It all starts with the basics. “Pre-preparation is the backbone of quick cooking,” Sabita writes. She says, “I’ve provided recipes for basic masala powders in this book. Make it ahead and refrigerate it — you never know when it’ll come in handy.”
Sketched out as a series of menus, the book is all about preparing a meal within 60 minutes. “It’s the ultimate lesson on time management, targeted towards the younger, working audience who don’t have time to make a balanced meal,” she says.
While each menu promises a balanced, nutritious meal in just an hour or less, the menus also contain standalone dishes. If you doubt your ability to cook a 60-minute meal don’t worry: it has been tried and tested. “My niece became a quick cook after I wrote this book because for every recipe, we would go into the kitchen and set the alarm. Sixty minutes exactly, with only a recipe in hand. It was a pleasant surprise when some of them took even less time!”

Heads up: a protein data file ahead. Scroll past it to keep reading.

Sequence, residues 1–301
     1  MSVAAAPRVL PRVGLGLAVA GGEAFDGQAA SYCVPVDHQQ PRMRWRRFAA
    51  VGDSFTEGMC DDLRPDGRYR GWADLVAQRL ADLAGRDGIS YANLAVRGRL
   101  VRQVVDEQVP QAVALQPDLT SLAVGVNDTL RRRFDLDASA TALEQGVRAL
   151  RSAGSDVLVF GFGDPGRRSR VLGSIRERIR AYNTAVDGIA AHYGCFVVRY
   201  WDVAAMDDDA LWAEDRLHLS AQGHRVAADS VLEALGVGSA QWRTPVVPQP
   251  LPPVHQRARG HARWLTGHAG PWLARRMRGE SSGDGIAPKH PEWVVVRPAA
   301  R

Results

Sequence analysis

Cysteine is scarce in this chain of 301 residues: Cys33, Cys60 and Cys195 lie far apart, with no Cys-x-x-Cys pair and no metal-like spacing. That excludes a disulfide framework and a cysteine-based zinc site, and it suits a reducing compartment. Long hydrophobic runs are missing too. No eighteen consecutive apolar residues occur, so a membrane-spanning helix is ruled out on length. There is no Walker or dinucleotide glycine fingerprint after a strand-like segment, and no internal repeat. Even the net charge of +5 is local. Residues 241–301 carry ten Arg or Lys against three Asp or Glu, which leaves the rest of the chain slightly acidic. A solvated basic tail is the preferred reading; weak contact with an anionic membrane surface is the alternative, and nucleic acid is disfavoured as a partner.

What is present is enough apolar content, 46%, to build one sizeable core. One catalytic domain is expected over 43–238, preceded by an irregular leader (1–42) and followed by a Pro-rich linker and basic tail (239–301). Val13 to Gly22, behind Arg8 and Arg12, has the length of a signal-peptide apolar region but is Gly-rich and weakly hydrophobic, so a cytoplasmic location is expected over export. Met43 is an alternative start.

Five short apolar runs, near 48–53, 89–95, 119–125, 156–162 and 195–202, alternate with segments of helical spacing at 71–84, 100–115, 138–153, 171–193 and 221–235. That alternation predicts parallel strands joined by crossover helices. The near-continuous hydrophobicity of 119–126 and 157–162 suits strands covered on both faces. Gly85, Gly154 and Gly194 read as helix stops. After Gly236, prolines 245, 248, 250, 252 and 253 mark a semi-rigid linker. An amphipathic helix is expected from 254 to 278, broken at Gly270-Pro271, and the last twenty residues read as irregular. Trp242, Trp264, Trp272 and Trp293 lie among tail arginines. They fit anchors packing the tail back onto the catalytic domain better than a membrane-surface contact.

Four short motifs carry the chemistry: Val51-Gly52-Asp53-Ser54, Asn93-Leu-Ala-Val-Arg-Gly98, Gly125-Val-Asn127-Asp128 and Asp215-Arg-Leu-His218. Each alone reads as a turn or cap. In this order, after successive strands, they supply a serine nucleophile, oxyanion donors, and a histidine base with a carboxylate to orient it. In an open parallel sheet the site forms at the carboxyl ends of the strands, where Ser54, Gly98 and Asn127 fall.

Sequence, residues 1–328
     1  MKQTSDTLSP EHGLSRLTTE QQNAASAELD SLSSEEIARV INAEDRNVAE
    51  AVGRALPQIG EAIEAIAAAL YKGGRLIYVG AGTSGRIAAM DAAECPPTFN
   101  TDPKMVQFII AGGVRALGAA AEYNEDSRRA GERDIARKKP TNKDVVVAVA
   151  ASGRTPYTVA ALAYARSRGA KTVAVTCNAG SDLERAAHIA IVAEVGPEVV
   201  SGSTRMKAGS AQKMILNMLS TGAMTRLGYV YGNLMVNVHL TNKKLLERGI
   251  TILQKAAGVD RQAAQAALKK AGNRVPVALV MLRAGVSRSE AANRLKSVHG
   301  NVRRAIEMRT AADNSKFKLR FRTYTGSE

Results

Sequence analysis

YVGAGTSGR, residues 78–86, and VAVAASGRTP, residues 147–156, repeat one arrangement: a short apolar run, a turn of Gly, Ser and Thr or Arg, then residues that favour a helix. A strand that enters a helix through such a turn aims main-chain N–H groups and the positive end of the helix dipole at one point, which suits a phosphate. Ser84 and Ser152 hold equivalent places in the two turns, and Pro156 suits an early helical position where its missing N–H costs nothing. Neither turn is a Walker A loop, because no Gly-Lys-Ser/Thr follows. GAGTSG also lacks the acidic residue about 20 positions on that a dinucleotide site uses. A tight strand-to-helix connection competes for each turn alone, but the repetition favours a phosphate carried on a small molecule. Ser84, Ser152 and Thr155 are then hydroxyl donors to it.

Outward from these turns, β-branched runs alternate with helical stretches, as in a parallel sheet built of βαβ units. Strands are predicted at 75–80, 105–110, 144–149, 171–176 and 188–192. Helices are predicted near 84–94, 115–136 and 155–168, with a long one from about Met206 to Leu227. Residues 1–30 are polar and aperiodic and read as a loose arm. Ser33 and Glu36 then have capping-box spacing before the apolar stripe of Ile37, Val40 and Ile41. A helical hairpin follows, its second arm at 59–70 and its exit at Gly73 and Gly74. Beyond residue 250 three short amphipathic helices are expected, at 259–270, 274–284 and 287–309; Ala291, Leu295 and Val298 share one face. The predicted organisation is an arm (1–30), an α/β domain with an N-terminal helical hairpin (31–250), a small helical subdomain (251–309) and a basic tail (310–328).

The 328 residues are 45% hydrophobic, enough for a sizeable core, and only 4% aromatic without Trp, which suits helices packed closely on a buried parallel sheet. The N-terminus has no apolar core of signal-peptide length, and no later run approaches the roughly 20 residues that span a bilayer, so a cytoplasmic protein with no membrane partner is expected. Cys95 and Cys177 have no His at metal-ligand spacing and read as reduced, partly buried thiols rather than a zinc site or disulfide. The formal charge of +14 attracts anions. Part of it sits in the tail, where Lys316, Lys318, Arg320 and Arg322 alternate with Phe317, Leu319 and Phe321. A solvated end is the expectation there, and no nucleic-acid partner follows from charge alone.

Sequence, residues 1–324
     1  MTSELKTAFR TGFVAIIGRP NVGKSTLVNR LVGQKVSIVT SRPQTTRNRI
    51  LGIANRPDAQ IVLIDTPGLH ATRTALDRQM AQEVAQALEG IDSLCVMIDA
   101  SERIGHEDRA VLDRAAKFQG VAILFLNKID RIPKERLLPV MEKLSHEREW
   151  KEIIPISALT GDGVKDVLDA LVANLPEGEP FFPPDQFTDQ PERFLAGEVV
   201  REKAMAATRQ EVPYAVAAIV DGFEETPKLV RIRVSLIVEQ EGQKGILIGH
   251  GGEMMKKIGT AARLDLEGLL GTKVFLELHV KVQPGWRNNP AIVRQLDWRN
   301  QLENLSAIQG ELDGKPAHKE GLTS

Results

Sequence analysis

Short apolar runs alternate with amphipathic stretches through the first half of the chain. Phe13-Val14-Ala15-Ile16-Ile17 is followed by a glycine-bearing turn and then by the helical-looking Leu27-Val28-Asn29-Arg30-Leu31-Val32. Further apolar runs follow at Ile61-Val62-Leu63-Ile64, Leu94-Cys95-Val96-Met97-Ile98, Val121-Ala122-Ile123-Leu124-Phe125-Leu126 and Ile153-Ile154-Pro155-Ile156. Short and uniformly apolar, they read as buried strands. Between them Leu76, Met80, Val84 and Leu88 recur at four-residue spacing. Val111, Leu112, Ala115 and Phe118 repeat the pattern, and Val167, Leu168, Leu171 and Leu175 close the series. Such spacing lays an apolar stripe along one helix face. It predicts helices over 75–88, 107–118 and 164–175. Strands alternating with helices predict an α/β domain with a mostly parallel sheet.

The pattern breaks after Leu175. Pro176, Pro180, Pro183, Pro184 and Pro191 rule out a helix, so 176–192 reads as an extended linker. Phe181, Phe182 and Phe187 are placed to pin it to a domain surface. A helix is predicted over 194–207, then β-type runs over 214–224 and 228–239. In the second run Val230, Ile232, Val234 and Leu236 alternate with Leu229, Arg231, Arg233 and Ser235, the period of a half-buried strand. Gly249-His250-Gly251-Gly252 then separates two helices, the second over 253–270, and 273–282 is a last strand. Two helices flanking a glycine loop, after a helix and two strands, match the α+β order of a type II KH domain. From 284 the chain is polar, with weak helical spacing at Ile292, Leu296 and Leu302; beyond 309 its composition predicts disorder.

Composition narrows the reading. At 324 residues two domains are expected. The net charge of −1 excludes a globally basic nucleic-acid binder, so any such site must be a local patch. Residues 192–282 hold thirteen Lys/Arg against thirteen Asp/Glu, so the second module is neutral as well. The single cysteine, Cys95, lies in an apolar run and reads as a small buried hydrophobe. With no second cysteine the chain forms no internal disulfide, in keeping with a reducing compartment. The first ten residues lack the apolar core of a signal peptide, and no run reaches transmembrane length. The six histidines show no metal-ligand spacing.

Then again, not every recipe can live up to the claim, and Sabita knows it. “None of the desserts have time estimations. Baking is an exact science, and my desserts are no different.”
Ladling out a spinach-and-corn tart for us to try gives an idea of what the book holds. Sabita showcases some continental delights but doesn’t neglect the home favourites like rava dosai and Kancheepuram idli.
And for the strict vegetarians there are substitutions. Helpful hints pepper the end of many menus; notes that Sabita has taken while preparing the meals herself.
So what’s in the works next? Another cookbook of course. “I don’t mean to write any of them. They happen by chance... Just when I think I’m done, another request comes. And I love food too much to say no.”
The Quick Cook is priced at Rs. 399.